What is Akinetopsia?
The word “Akinetopsia” is derived from the Greek word. The “a” means without, “kine” means to move and “opsia” means to see. Akinetopsia is a visual motion perception disorder. It is an acquired defect characterized by the inability to perceive motion. Akinetopsia, a rare neurological disorder, is also known as motion blindness or cerebral motion blindness. Akinetopsia patients see things through a series of freeze frames. For Akinetopsia patients, things jump from one static position to another; therefore, when they are crossing the road, they cannot detect the motion of the car, and before they know it, the car runs over them.
Since Akinetopsia is a visual motion perception disorder, there are no diagnostic or pathognomic tests for Akinetopsia. It is diagnosed clinically.
The symptoms found in the Akinetopsia patients are as follow,
· Akinetopsia patients often suffer from recurring headaches.
· Akinetopsia patients often see things through a series of freeze frames that have gaps between them. But these gaps usually do not associate with motion. It is similar to the effect experienced with a strobe light in a dark room. That is why it is known as the Strobe effect.
· When things suddenly appear or disappear in front of the Akinetopsia patient, they feel dizziness and vertigo.
· Akinetopsia patients often have a fear of cars and road crossing. They do not have visual motion perception due to which they can calculate the distance between them and the moving objects, but the vehicles that seem to be far away suddenly will be upon them before they know it.
· Akinetopsia patients often have a fear of dogs. This fear is due to their inability to perceive visual motion and randomness and swift movements of dogs due to which they can not see them coming.
· Whenever Akinetopsia patients watch movies, they often experience gaps between different series of the frame.
· Akinetopsia patients are unable to keep track of the conversation because of the motion of the lips of the speaker.
· Pouring of liquid from one container to another is very difficult for the Akinetopsia patients because fluid pouring appears to be a series of different freeze frames in which fluid jumps from one level to another, leading to overflowing.
· Akinetopsia patients are unable to recognize the illusion of apparent motion.
The Akinetopsia is not a vision illness but a disorder associated with the inability to perceive visual motion. Therefore all the causes of the Akinetopsia are related to the brain. The various causes of Akinetopsia are as follow,
· Cerebral lesion
· Brain trauma or injury
· Alzheimer disease
· Hallucinogen persisting perception disorder (HPPD)
· Post-concussive syndrome
· Medication adverse effect like Antidepressant
According to some studies, it is believed that Akinetopsia is caused by the impairment in the visual motion pathway, particularly in the middle temporal visual area known as MT/V5. Temporarily Akinetopsia can be induced in healthy individuals through transcranial magnetic stimulation of the MT/V5 area. The primary visual cortex (V1) and secondary visual cortex (V2) first receive vision information. Then this information is sent to the MT/V5 region for processing. In the case of Akinetopsia, this MT/V5 region is damaged.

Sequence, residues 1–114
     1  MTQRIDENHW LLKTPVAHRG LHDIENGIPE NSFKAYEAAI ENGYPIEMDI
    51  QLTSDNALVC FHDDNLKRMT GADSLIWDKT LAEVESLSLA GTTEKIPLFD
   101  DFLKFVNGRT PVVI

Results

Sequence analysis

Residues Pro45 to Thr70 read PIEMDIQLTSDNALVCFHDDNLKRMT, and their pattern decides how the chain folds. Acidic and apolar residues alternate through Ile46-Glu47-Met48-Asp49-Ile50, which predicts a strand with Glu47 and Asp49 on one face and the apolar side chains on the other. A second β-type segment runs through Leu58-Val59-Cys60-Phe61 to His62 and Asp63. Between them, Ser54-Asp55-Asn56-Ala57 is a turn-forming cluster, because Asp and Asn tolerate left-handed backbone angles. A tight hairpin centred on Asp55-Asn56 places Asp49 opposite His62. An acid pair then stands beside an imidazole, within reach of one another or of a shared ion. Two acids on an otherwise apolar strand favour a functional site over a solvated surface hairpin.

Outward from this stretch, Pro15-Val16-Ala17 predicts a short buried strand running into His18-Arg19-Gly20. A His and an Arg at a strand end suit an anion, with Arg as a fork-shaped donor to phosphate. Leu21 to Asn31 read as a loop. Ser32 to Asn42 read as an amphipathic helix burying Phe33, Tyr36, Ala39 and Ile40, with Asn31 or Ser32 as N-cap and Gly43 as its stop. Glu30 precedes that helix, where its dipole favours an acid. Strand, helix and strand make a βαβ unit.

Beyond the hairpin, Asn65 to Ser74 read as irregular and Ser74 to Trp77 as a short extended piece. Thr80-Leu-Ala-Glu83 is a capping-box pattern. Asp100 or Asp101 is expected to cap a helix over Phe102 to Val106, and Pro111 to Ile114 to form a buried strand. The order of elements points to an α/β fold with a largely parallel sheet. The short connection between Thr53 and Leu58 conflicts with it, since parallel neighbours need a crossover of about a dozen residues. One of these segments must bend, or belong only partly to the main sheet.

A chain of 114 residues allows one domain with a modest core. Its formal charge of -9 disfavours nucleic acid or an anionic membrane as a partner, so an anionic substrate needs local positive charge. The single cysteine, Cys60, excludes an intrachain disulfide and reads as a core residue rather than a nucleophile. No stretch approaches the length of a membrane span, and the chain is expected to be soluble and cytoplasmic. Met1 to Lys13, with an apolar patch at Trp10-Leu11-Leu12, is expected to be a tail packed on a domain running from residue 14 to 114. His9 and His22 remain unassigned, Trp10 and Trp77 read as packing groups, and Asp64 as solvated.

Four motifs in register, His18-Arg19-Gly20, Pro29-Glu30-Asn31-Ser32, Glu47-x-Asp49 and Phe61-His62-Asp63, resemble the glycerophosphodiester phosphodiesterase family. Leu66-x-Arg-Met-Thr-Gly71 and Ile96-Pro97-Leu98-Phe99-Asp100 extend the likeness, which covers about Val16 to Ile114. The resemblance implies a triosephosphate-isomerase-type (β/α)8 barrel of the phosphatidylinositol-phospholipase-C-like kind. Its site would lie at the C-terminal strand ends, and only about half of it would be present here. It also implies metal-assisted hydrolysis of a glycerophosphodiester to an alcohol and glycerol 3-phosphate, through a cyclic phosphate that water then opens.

There are only a few cases related to Akinetopsia found in the literature. The first-ever extensively studied case of Akinetopsia, which is clinically recorded, is found in the paper published by Zihl et al. in 1983. Baker, Hess, and Zhil also described this case in their paper published in 1991. The patient is referred to as patient LM in literature. In 1978, a 43 years old female, LM, was admitted in a hospital in Munich. She had complained of frequent extreme headaches and vertigo. She was diagnosed with blood clots in her brain. These blood clots lead to the bilateral cerebral lesions posterior to the visual cortex, exterior to the striate region. Later, these lesions, which caused the defect in visual motion perception, were identified by positron emission tomography (PET) and magnetic resonance imaging (MRI). According to the patient LM, she saw things as a series of freeze frames having gaps between them. Her middle temporal region was damaged at MT/V5. She was able to distinguish different colours and objects. She was able to calculate the distance of the items. But she had developed a fear of crossing roads. Because the vehicles that seemed to be far away suddenly were near her without appearing to be moved. She could not pour liquid because liquid seemed to be frozen but suddenly, the empty container in which it was being poured overflowed. She was unable to perceive visual motion. Any activity that required perception of motion was fear causing and dangerous for her.
There is not any approved recommended treatment for the Akinetopsia. But in the case of medication-induced Akinetopsia, a reduction in the dose will reverse the symptoms.